Saturday, May 09, 2009

Another Great Eagleton (and Fish) Takedown

After PZ hits a home run, next up to bat is Matt Taibbi. Back to back?

The beginning:

I’m always on the lookout for religion’s latest counter-arguments, the new rhetorical approaches that God People are constantly fine-tuning for use in pimping the righteousness of faith (and for demonstrating the moral dissoluteness of agnostics like myself). There isn’t an inherently irresolvable metaphysical challenge that comes close to wasting as much of the world’s time and energy as this particular one. It’s the intellectual equivalent of the eternal R&D quest for a baldness cure: you just never stop being surprised at how many different ways men can find to fail at growing hair.

This latest salvo is fired by author/professor Stanley Fish, a prominent religion-peddler of the pointy-headed, turtlenecked genus, who made his case in his blog at the New York Times. Fish was mostly riffing on a recent book written by the windily pompous University of Manchester professor Terry Eagleton, a pudgily superior type, physically resembling a giant runny nose, who seems to have been raised by indulgent aunts who gave him sweets every time he corrected the grammar of other children. The esteemed professor’s new book is called Reason, Faith and Revolution, and it’s sort of an answer to the popular atheist literature of people like Richard Dawkins and Chris Hitchens. If you ever want to give yourself a really good, throbbing headache, go online and check out Eagleton’s lectures at Yale, upon which the book was based, in which one may listen to this soft-soaping old toady do his verbose best to stick his tongue as far as he can up the anus of the next generation of the American upper class.

That's how I'd write, if only I could write a thousand times better than I can.

The rest.

(h/t: John Cole | x-posted)


John Evo said...

I've yet to be disappointed when reading Taibbi. He really is a talented writer. At 39 years old, there is reason to hope his best writing is ahead of him.

Adam said...
This comment has been removed by the author.
Adam L said...

I could not stomach watching more than about 5 minutes of this insipid old fool's drivel; I would note that I found Dawkins's book to be so full of anger that not only did I think it did not help the atheist cause (which I vigorously support) I personally found it unpleasant to read.

Even Hitchens's God Is Not Great, which I thought was written with at least more wit if not less vitriol than Dawkins's, which I wound up being able to get through, it was a pretty tough slog... and I like the drunk bastard!

So the intellectual opposite, in video form no less, as you can imagine, and as Taibbi describes, is a good way to make you want to take the pointy end of a claw hammer and hit yourself vigorously in the brain stem.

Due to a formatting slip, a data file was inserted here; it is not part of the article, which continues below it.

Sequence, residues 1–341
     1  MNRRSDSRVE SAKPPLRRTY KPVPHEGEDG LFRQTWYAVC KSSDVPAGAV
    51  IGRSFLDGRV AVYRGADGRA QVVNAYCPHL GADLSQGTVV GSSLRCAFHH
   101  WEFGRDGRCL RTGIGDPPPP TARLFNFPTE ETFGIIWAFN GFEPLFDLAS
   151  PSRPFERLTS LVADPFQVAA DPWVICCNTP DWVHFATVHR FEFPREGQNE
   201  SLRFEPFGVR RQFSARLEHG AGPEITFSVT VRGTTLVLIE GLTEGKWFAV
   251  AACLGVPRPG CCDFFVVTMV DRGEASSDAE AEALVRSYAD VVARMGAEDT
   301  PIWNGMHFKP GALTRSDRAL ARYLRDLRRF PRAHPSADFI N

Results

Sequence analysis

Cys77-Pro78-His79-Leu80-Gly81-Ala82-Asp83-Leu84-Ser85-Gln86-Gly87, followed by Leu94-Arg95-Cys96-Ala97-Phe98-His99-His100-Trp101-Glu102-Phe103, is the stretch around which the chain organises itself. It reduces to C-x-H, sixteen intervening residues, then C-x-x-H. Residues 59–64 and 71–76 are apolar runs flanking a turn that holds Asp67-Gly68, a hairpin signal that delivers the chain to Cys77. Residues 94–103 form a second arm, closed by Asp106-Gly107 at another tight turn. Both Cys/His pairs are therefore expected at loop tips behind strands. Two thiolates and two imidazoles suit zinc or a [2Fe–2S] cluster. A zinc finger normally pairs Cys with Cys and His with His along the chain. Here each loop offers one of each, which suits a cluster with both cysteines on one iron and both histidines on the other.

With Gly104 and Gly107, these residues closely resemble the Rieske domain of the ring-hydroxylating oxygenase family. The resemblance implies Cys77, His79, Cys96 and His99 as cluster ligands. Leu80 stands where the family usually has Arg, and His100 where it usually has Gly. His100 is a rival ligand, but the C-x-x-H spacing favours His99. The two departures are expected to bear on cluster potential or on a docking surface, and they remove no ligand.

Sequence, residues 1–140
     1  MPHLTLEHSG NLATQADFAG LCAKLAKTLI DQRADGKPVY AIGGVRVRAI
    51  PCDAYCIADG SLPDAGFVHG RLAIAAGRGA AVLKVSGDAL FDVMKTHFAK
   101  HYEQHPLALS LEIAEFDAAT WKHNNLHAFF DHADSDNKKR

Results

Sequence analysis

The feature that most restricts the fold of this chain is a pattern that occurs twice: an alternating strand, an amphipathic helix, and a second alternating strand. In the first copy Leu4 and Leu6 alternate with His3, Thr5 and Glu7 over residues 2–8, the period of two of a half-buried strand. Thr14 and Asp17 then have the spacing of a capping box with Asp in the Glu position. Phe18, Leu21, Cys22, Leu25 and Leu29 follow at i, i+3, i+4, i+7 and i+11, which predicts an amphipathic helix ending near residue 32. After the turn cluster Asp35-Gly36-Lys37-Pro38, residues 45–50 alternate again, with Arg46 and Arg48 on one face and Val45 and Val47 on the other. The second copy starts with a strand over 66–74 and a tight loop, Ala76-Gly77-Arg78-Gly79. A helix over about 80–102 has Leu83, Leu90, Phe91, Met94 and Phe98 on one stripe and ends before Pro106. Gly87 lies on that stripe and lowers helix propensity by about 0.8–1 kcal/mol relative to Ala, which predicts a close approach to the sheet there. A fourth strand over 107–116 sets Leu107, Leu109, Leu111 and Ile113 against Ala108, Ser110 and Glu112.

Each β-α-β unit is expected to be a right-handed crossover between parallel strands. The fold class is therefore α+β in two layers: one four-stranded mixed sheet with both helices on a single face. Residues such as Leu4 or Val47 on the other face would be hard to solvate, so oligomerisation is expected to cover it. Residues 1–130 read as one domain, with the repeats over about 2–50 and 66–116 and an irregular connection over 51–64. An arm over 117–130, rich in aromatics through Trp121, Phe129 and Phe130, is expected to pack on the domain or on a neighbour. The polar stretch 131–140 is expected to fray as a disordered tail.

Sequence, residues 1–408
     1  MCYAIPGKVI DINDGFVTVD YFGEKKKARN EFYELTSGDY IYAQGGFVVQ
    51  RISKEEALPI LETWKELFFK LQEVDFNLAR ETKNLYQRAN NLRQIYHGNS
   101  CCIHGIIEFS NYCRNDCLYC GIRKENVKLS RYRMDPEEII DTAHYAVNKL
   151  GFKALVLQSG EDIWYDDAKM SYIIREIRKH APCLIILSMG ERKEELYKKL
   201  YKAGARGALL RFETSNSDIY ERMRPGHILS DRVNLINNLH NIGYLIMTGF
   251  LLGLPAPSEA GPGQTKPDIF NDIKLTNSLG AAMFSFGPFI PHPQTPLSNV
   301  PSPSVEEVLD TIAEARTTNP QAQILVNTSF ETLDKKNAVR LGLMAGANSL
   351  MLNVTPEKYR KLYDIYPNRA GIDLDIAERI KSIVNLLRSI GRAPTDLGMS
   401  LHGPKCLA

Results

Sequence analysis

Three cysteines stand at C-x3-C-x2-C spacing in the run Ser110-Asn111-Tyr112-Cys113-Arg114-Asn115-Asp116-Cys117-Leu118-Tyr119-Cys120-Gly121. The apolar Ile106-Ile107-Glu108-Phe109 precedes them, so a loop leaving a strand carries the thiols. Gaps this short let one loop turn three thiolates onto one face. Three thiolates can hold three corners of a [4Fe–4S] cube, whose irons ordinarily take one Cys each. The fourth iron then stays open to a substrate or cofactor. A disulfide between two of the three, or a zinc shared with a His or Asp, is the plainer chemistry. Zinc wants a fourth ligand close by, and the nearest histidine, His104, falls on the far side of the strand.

So I'll have to plead ignorance of what his trying to convince people of the validity of supposed ramblings of superstitious bronze age schizophrenics has to do with "in which one may listen to this soft-soaping old toady do his verbose best to stick his tongue as far as he can up the anus of the next generation of the American upper class." I don't know anything about this guy, nor do really care too much as I don't watch the many hours of Bin Laden rambling online about allah this and jihad that. Is it because he's a cultural representative of the Republican Party? Does he explicitly use the gospels teachings about the meek inheriting the earth to argue for a flat tax or something? I'm serious here, I'm a bit lost, especially since after seeing the banner on his webpage and reading the explanation that he seems to poison a number of good, bad and mediocre historical characters (I assume) by discussing them in a religious context:

The bottom row is composed of images of significant political thinkers, cultural leaders and social critics who have shaped the world in which we live and to whose ideas we must respond with Christ’s message. They are the originators and revolutionaries, so to speak, of our contemporary ideas of democracy, captialism, despotism, communism, distributism, utilitarianism, liberteriansim and critical theory:
(L to R) – Alexander Hamilton, Simón Bolívar, Adam Smith, Niccolò Machiavelli, John Locke, Jürgen Habermas, Karl Marx, Jean-Jacques Rousseau, Plato, Ludwig von Mises, J.S. Mill, Martin Luther King, Jr., Aristotle, Hannah Arendt, Vladimir Solovyov, Thomas Hobbes, Bono and José Ortega y Gasset

These figures, among others, collectively represent the matrix in which responsible and informed socio-political discourse occurs, where faith and practical reason may truly flourish.
I guess that that list is stacked with libertarian types a bit more heavily than leftie wackos with the classical greeks, Hamilon, Smith, Locke, Hobbes, Von Mises, and Arendt all in one camp. Are the Marx and Bolivar inclusions just to throw you off the scent of him being an unintentional (and oxymoronic) hardcore Chistian shill for libertarianism?